Bad Lieutenant

 (aka Port of Call New Orleans; 2009)

by Johnny Web (Uncle Scoopy; Greg Wroblewski)

Let's assume that you hated all those high-falutin' moral conundrums and ethical choices which faced Harvey Keitel in the original version of Bad Lieutenant, making the film a real downer. You just wanted the film to be a fun, over-the-top entertainment film about a blatantly bad cop and his relationship with his superiors, his bookie, his hooker girlfriend, the mob, the local drug lords, and the people he's supposed to protect. Well, I have the film for you: the new improved Nic Cage version of Bad Lieutenant, or BL as I like to call him.

Director Werner Herzog took this film in some strange directions. Stylistically, he chose to film some of it from the POV of an omniscient, objective camera eye and some of it from the POV of a total crackhead, and he did not choose to be very clear about exactly when he was making the transition from one to another. That is to say that the viewer often really doesn't know what's real and what is a product of BL's drug-induced hallucinations. The film's eccentricity doesn't stop with its offbeat narrative style (including a Letterman-style Gator Cam). The plot and tone shifts are equally outlandish. About twenty minutes before the end of the film, BL's problems seem to be inescapable. The mob wants him dead. The internal affairs guys are closing in on him. He gets caught browbeating a congressman's granny. His bookie is about to turn him over to the usual rough collection process. The All-American who is supposed to shave points for him is held out of a key game. His girlfriend is close to death from her heroin addiction. He has bungled a key investigation. And then, miraculously, all of those crises are resolved in the most favorable ways possible, and he gets promoted to Bad Captain!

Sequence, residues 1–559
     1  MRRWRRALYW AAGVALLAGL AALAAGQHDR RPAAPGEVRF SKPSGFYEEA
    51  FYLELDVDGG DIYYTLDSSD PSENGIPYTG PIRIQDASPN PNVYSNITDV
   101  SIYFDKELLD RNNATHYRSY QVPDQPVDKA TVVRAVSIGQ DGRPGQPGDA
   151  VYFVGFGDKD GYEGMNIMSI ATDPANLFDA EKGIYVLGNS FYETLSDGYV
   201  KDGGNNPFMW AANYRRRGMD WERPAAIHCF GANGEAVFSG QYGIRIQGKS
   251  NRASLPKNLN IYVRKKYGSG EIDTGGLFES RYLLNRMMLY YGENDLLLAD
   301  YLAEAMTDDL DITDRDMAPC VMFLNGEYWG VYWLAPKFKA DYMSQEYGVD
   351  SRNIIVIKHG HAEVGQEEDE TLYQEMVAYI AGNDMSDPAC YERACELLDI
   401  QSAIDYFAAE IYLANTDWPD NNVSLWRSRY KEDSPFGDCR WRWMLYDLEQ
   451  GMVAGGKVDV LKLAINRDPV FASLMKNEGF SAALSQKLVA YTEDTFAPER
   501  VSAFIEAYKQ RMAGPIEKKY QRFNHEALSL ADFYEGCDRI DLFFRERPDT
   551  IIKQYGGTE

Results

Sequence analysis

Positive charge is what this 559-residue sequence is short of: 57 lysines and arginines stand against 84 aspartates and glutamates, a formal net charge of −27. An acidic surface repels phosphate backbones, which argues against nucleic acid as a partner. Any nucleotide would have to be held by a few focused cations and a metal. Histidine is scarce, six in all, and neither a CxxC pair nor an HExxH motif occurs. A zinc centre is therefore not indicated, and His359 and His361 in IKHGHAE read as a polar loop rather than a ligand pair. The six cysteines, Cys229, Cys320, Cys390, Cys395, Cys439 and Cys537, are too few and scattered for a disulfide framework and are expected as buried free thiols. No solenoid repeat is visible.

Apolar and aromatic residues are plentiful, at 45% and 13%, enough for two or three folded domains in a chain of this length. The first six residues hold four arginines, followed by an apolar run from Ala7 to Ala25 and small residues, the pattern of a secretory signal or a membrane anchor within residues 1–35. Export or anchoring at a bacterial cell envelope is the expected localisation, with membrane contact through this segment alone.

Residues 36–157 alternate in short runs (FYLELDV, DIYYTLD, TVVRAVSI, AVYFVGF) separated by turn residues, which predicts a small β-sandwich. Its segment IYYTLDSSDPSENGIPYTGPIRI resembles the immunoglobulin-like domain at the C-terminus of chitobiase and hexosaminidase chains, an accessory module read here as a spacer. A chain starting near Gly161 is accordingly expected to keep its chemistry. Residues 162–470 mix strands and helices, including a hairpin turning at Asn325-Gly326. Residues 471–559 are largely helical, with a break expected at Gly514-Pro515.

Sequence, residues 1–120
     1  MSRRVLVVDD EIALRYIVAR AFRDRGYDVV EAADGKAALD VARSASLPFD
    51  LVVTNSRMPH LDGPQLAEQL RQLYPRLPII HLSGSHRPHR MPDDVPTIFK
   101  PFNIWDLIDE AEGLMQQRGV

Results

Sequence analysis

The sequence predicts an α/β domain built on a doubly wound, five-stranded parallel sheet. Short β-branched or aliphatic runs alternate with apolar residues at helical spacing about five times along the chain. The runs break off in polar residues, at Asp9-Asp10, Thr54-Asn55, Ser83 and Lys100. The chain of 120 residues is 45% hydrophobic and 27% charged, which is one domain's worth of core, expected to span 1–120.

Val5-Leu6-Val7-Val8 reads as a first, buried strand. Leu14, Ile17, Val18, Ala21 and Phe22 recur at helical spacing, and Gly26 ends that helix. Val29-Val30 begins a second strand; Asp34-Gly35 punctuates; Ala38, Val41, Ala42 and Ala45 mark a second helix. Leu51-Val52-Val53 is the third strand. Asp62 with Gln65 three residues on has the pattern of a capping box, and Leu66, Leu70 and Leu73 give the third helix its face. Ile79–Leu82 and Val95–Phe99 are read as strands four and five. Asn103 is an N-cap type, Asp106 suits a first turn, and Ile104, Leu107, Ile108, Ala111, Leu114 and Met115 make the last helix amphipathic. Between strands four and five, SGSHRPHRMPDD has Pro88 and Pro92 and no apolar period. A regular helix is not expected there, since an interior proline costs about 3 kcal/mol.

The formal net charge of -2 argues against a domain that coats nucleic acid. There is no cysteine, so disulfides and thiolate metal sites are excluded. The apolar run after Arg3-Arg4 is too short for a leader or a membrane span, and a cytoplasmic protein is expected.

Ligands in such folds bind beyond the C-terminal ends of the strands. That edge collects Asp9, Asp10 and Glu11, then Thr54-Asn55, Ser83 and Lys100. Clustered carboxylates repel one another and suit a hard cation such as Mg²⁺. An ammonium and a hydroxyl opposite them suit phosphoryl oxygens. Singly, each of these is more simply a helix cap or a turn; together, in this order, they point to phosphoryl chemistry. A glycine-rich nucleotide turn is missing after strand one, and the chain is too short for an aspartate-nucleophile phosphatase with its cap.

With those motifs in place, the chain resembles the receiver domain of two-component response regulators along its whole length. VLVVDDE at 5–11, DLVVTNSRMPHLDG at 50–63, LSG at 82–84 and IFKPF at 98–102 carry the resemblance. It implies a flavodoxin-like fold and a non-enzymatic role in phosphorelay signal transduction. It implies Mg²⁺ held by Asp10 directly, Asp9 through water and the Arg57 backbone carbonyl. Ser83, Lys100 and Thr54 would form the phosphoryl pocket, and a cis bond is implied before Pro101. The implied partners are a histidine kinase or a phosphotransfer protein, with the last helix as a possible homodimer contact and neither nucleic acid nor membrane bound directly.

Does he learn from his good fortune? Think about it. Do we ever really learn a lesson when we fuck everything up but luck out with a positive result? Not very often. Most of the time, we just think we have everything under control, or that we are truly earning positive results with our own sterling efforts. Since those efforts produced favorable results in the past, we are more likely to repeat them than to change our ways. In this regard, BL is a lot like the rest of us, or at least like what we would be if we were played by Nic Cage.

Is this entire film actually a parody of the original Bad Lieutenant, or of "bad cop" movies in general? Beats me. I do know that it's an oddly appealing film. Werner Herzog goes Tarantino on us, with surprisingly watchable results. It's like watching Shaq play volleyball in that "Shaq Vs." show. It's not always very good, and it can look really awkward, but it's utterly unpredictable and usually fun to watch.

DVD Blu-Ray


4 Roger Ebert (of 4 stars)
2.5 James Berardinelli  (of 4 stars)
85 Rotten Tomatoes  (% positive)
69 (of 100)


7.2 IMDB summary (of 10)
B- Yahoo Movies


Box Office Mojo. It grossed $1.4 million in boutique distribution (96 theaters).



  • There is almost none. Stephanie Honore gets her bare butt fondled by BL in a shakedown. It's brief and little is visible.


Our Grade:

If you are not familiar with our grading system, you need to read the explanation, because the grading is not linear. For example, by our definition, a C is solid and a C+ is a VERY good movie. There are very few Bs and As. Based on our descriptive system, this odd film is a: